NEW YORK, Feb. 25 (UPI) -- Statistics show that U.S. consumers hurt by the economic downturn are learning thrift by hanging onto some products longer.
Research firm Polk said new cars, on average, were now held by the original owners for a record 63.9 months, The New York Times reported Friday.
That's up from an average of 59.4 months at the end of 2008.
Pointedly, when used cars are figured in, the current 52.2 month average is also a record, Polk said.
Consumers are also clinging to cellphone and computers longer than in the past. Cellphones, on average, are traded in every 18 months, up two months from a few years ago, the Times said. And consumers now hold onto laptops an average of 52 months, which is up from 51 months a year ago.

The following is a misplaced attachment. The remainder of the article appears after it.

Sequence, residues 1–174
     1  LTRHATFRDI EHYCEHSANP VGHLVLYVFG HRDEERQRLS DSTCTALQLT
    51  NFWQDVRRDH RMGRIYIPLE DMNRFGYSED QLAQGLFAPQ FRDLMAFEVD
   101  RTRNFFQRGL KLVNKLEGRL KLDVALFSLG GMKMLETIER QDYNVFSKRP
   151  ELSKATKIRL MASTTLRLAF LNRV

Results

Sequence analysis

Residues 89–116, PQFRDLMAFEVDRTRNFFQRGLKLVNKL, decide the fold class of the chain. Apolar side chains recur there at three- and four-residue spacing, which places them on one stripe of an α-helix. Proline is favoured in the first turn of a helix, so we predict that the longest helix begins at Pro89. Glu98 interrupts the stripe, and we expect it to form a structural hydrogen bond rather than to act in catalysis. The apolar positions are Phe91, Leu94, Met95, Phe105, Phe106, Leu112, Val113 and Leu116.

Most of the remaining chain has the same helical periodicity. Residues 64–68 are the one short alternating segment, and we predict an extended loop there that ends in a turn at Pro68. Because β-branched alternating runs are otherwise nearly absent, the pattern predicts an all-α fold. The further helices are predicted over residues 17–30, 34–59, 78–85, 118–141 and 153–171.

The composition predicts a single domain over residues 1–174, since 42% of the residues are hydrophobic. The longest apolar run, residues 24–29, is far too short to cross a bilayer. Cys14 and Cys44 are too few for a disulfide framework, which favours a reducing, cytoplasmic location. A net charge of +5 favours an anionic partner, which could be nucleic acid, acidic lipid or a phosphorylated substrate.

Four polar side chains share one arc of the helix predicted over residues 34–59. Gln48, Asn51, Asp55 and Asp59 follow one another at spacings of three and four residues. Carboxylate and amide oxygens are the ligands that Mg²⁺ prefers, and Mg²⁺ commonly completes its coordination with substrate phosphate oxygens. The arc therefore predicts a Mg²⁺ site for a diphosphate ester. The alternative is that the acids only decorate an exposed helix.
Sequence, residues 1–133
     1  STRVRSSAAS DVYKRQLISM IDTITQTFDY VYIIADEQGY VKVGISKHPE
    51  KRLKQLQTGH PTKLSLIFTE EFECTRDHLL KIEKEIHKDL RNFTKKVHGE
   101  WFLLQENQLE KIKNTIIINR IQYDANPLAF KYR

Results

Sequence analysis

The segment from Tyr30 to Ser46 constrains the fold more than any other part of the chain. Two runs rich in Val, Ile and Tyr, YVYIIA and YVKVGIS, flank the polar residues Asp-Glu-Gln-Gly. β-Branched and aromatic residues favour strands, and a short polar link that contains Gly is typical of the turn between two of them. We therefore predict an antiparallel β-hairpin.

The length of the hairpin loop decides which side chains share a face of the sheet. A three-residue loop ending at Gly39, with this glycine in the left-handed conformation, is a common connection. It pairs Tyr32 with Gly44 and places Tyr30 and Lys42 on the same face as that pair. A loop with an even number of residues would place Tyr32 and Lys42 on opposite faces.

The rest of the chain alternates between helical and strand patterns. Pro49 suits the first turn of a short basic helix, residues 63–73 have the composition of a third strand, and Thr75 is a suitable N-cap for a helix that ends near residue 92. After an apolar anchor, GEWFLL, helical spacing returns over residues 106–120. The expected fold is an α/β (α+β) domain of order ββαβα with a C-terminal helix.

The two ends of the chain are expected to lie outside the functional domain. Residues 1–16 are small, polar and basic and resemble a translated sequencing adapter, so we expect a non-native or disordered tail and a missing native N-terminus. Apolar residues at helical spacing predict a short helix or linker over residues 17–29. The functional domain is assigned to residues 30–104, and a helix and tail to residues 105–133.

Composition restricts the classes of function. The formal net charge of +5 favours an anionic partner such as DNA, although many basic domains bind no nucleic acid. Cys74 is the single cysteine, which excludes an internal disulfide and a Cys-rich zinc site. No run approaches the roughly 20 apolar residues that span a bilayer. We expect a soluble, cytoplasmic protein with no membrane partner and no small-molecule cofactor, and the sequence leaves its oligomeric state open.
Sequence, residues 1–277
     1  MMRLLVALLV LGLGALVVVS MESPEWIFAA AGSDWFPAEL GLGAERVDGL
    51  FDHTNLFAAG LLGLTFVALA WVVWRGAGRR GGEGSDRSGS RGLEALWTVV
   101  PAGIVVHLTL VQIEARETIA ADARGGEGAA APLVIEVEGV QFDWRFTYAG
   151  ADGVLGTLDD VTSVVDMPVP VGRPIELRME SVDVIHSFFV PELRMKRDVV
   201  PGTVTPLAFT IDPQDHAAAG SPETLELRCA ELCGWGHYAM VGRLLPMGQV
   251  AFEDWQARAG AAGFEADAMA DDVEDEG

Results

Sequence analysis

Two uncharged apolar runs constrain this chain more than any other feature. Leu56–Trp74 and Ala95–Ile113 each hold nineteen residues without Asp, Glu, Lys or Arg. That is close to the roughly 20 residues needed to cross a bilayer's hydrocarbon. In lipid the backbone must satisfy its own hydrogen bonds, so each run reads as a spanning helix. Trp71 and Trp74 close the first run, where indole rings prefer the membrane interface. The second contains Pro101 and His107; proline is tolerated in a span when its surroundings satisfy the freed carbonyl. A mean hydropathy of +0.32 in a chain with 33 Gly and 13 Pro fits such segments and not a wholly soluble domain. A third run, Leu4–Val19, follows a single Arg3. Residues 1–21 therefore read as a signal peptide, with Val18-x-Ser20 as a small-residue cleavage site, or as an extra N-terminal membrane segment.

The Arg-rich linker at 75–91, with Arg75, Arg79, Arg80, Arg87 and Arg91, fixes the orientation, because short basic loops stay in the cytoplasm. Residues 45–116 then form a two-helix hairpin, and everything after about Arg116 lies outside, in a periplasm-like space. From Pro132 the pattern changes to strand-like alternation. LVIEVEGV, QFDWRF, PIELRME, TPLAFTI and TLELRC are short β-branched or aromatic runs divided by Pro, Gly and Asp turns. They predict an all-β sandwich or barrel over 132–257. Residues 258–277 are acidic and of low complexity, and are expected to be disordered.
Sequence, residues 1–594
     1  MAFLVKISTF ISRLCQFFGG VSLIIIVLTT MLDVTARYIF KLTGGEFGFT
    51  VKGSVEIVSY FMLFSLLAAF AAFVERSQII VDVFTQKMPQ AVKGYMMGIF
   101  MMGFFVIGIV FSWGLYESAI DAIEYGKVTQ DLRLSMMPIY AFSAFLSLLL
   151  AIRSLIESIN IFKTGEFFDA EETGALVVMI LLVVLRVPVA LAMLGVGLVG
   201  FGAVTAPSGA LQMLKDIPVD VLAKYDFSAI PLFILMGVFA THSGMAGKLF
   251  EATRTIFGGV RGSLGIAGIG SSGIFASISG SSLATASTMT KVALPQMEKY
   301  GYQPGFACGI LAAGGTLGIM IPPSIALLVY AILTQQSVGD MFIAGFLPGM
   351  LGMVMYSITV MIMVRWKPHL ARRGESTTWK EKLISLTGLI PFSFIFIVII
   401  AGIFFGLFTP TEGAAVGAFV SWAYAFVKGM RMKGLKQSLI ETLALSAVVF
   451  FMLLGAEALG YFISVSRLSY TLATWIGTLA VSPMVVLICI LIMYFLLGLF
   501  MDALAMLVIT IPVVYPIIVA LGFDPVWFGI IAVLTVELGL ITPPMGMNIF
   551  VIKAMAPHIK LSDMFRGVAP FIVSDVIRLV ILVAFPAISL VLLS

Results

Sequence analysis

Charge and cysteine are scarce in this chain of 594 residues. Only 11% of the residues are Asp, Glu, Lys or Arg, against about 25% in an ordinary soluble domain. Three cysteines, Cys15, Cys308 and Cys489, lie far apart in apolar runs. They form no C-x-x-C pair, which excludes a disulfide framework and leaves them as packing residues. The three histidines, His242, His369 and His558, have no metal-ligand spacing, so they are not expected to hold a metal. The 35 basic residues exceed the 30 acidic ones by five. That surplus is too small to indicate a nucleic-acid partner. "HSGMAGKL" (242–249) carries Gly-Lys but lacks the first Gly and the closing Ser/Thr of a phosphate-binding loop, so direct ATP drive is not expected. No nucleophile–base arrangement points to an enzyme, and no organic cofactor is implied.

Industry analyst Ali Dibadj at Sanford C. Bernstein said the trend is also hitting the category of consumables, which includes soap and shampoo.
"People are squeezing the last bit out of the shampoo. They seem to be adding more water to really squeeze out the last bit," he said.
"Consumers are doing their best to conserve. We're seeing it again and again and again," he added.